DRC: Team visits Uganda border areas
UNHCR has sent a team to the border region of south-western Uganda to assess the situation following reports of an influx of refugees fleeing turmoil in neighbouring Congo's north-eastern Ituri district. The ten-member team, comprising UNHCR as well as government officials and WFP officials, has been able to visit four sites over the past two days and found the presence of large numbers of refugees camping in fishing villages on the shores of Lake Albert. First indications, however, are that the situation is not as alarming as initial reports had suggested.
The team used boats to reach some of the flooded villages in the southern part of Lake Albert that marks the border between Uganda and the Democratic Republic of the Congo. They were able to confirm the presence of refugees in at least four locations. Small groups of refugees were seen camping under makeshift canopies or living in the open. Sanitary conditions generally seemed bad. One case of cholera was reportedly diagnosed at a village called Ntoroko.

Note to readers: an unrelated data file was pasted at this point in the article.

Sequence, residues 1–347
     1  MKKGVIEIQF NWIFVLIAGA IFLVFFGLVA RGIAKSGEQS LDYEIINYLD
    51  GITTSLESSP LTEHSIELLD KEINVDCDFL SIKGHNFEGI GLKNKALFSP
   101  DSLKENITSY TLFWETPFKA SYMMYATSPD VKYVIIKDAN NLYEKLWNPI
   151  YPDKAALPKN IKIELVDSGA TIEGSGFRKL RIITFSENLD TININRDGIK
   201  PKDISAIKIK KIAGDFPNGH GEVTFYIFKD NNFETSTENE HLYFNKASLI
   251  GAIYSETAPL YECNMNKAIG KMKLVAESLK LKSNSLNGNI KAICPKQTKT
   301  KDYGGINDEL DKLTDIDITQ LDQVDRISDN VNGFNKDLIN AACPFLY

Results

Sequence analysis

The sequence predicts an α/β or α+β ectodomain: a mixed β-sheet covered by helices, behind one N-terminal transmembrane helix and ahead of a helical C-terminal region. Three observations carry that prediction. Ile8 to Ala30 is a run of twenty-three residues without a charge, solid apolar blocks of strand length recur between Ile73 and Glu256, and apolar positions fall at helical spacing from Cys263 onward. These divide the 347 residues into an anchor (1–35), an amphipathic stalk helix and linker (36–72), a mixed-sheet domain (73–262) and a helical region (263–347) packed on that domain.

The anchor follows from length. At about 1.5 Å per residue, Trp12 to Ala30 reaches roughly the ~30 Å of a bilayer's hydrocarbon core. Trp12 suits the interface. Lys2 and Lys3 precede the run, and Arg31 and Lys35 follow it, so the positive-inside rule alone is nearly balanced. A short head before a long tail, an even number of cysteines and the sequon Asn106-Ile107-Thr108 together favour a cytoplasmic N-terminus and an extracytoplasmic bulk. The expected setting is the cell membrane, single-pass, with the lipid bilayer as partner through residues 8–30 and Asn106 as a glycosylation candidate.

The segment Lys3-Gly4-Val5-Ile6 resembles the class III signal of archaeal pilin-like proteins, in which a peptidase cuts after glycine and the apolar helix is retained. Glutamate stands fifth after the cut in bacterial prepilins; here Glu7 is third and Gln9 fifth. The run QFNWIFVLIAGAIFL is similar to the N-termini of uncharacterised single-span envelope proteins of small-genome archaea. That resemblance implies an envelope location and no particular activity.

Most refugees said they fled because of a seriously deteriorating situation in and around Ituri's capital, Bunia. Some said they followed the retreating UPDF (Ugandan Patriotic Defence Forces) soldiers to avoid being attacked. Refugees said they had walked for three days before reaching the border. One boy said his two brothers were killed in the violent clashes between the Hema and Lendu ethnic communities amid reports of massacres.
Local villagers clearly seem to be overwhelmed by the presence of refugees. The Ugandan government instructed humanitarian agencies that assistance should be given to people who need it at a settlement called Kyaka II, in the Kongongo District. UNHCR is looking at ways of transferring refugees who need help to the designated site.
The team will proceed to the Nebbi district over the weekend to continue assessing the presence of refugees around the northern parts of Lake Albert.